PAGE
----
In the last few years, we have seen a shift in the way heists, fraud, terrorist attacks and cross-border disputes are executed. In an effort to minimize their chances of being identified, adversaries have moved from the material world to a cyber one.
Take, for example, the recent case of leaked emails from the DNC, the $81 million heist at Bangladesh Central Bank and SWIFT, and the infamous Target data breach that led to $19 million in settlements and a CEO's resignation. These attacks don't just affect enterprises and financial institutions due to financial losses, brand damages or regulatory fines: They have an impact on our economy and our society's well-being.
Today, we have security silos that don't communicate with one another. Security vendors won't talk to each other due to fierce competition for market share, and in the news, we are constantly hearing about new data breaches and successful heists.
Incidents like these highlight the need for cyber collaboration between public authorities, international organizations and private companies. If you are a founder, CEO, CTO or board member, you should be sharing the forensic data you collect each time you are under attack to help build counter-measures faster, and alert other companies and governmental agencies in the event of a larger outbreak.
When I was the founder of my former company, our team developed "MOREAL," a threat intelligence platform that was later acquired by my current employer. Platforms like this have been around for a few years now; they're developed primarily by startups and established security vendors. But while they're a very good start, they're only touching a small fragment of the problem. Many companies are not yet fully aware of the cost of cybersecurity attacks, and these platforms have been out of reach. The cost to have them implemented is substantial, and it's not guaranteed that vendors would exchange information with one another.
The U.S. Government has been taking a number of cybersecurity measures: They've initiated the processes for naming a federal CISO (a chief information security officer) and have introduced a threat-level scale and a directive for cyber cooperation on incident handling. Other nations, like the United Kingdom and the European Union, are also moving in this direction. I expect more countries will follow the same path.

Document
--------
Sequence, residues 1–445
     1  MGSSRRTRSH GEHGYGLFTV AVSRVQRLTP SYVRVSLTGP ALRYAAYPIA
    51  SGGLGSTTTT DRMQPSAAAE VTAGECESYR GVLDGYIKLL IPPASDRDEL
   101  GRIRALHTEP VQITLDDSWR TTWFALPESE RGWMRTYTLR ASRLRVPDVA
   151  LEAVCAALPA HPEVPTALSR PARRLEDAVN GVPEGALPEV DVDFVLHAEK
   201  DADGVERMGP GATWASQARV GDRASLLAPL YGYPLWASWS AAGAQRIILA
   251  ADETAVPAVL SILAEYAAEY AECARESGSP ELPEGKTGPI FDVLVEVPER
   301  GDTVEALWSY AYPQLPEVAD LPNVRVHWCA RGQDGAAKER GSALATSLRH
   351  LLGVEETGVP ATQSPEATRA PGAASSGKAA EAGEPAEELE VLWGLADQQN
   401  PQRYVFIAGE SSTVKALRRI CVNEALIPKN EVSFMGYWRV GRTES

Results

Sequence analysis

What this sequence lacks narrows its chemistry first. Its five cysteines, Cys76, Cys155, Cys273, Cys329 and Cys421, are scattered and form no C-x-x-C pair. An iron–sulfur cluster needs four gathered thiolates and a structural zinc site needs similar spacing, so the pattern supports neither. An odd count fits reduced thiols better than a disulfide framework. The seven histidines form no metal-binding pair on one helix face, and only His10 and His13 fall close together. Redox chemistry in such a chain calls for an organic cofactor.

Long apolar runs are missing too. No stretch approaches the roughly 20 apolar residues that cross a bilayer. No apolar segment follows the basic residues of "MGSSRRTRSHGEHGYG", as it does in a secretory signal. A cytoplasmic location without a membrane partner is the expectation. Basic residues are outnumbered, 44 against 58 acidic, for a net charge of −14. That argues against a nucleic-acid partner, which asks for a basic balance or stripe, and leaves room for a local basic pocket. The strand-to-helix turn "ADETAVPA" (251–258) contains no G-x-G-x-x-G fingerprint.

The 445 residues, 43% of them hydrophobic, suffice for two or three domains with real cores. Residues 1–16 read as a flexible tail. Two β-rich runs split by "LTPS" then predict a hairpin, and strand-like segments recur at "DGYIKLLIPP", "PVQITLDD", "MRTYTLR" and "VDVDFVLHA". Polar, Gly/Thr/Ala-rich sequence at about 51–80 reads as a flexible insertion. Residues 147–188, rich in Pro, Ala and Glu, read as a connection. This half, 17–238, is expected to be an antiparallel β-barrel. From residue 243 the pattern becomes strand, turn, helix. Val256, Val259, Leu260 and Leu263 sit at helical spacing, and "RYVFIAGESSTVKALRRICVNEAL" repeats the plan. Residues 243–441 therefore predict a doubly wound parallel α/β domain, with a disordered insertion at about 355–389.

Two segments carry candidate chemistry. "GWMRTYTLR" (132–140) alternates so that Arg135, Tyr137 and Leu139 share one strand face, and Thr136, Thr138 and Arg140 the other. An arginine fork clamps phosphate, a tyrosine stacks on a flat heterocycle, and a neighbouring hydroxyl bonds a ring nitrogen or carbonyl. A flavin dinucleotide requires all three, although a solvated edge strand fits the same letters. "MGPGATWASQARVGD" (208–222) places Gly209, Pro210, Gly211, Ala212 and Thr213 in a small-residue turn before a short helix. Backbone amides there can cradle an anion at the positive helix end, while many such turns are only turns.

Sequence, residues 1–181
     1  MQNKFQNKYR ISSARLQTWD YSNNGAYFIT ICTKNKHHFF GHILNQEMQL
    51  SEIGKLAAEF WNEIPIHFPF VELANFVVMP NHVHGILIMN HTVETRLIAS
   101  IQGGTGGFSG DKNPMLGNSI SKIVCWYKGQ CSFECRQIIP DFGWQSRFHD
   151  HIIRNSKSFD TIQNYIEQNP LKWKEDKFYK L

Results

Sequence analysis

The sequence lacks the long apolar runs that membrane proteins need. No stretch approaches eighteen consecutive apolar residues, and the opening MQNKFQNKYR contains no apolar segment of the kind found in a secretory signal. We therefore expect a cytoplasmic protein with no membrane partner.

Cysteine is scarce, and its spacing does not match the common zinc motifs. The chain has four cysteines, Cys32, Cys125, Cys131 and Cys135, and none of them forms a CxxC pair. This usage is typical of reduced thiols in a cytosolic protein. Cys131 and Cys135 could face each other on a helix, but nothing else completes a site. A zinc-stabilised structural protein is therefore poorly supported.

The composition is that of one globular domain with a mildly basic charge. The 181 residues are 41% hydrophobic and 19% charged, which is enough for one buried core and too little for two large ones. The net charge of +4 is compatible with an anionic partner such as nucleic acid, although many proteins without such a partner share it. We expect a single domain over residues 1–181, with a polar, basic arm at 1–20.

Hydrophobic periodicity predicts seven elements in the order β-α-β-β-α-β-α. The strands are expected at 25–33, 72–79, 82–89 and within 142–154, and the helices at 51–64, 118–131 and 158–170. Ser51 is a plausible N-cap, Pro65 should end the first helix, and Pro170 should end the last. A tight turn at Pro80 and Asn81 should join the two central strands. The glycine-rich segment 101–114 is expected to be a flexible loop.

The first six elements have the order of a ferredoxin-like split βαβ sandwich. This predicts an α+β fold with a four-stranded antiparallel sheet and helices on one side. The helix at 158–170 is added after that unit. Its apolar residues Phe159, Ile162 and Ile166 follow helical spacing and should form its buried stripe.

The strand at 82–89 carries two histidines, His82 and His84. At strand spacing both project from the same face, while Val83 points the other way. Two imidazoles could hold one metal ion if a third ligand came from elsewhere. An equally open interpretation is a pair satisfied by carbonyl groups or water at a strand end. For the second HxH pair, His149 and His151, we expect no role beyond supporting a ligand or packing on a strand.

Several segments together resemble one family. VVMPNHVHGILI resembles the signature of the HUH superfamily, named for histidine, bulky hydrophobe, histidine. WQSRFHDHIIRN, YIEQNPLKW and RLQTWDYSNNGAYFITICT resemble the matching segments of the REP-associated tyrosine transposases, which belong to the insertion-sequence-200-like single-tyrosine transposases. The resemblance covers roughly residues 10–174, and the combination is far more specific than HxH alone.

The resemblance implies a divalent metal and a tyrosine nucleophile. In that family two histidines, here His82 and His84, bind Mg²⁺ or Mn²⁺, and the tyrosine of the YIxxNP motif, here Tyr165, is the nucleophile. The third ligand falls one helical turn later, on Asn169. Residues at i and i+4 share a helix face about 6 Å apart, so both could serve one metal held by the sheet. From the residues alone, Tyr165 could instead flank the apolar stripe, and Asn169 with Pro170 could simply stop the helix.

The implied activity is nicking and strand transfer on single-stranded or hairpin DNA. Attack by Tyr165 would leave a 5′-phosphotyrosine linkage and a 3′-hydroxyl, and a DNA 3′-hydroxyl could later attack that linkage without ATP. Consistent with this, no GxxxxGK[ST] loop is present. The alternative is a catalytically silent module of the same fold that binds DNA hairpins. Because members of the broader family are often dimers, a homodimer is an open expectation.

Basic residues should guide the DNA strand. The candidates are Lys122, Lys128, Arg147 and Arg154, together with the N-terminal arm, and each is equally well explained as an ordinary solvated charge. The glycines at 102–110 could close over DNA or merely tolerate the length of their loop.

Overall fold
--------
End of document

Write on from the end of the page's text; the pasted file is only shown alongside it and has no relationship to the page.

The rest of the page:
But the cooperation between involved parties from both the public and private sectors shouldn't only be on the responsive end. Sharing information would help show early indicators of attacks, promote a faster detection of threats and lead to a shorter resolution time for the public, without hurting the growing industry of security startups and enterprises.
By creating a threat intelligence exchange, all threat-related information would be available anonymously, all stakeholders would have access to it, and each participant could use this information to protect their operations (e.g. a public authority or a private corporation) or to make a profit (e.g. a security venture).
Why would the exchange of threat intelligence be critical to success? Data runs over multiple layers, vendors, apps, systems and operators. Cyber attacks originate from multiple sources and come with multiple vectors. What organizations need is the capability to address an attack before it happens: Trend data and insights can enable attacks to be foiled proactively. Threat intelligence platforms can identify abnormal patterns and behaviors and provide customers with relevant alerts and mitigation strategies. The coverage of the data analyzed is key to ensuring success.
As carriers of high-volume, global internet traffic, telecom operators can play an important role. If they can exchange threat intelligence with these platforms in place, they will be able to provide organizations with a unique behavioral-based security of all the data running through their network. Now, imagine the advantage of having not only operators but vendors, enterprises, academia and governmental agencies participating in a threat intelligence exchange that shares details of past attacks and malicious activities at a multi-layer level. The sheer volume of data insights to analyze and the knowledge that would be attained regarding malicious behavior and threats would put us one step further towards achieving optimal security.
If something like this materialized, news of cyber fraud arrests and state-sponsored campaigns would be more common instead, and stakeholders would live in a much safer cyberspace.
Yiannis Giokas is a serial entrepreneur with domain expertise in cybersecurity, data analytics and telecoms. He is currently the Vice President of Research and Development at PCCW Global.
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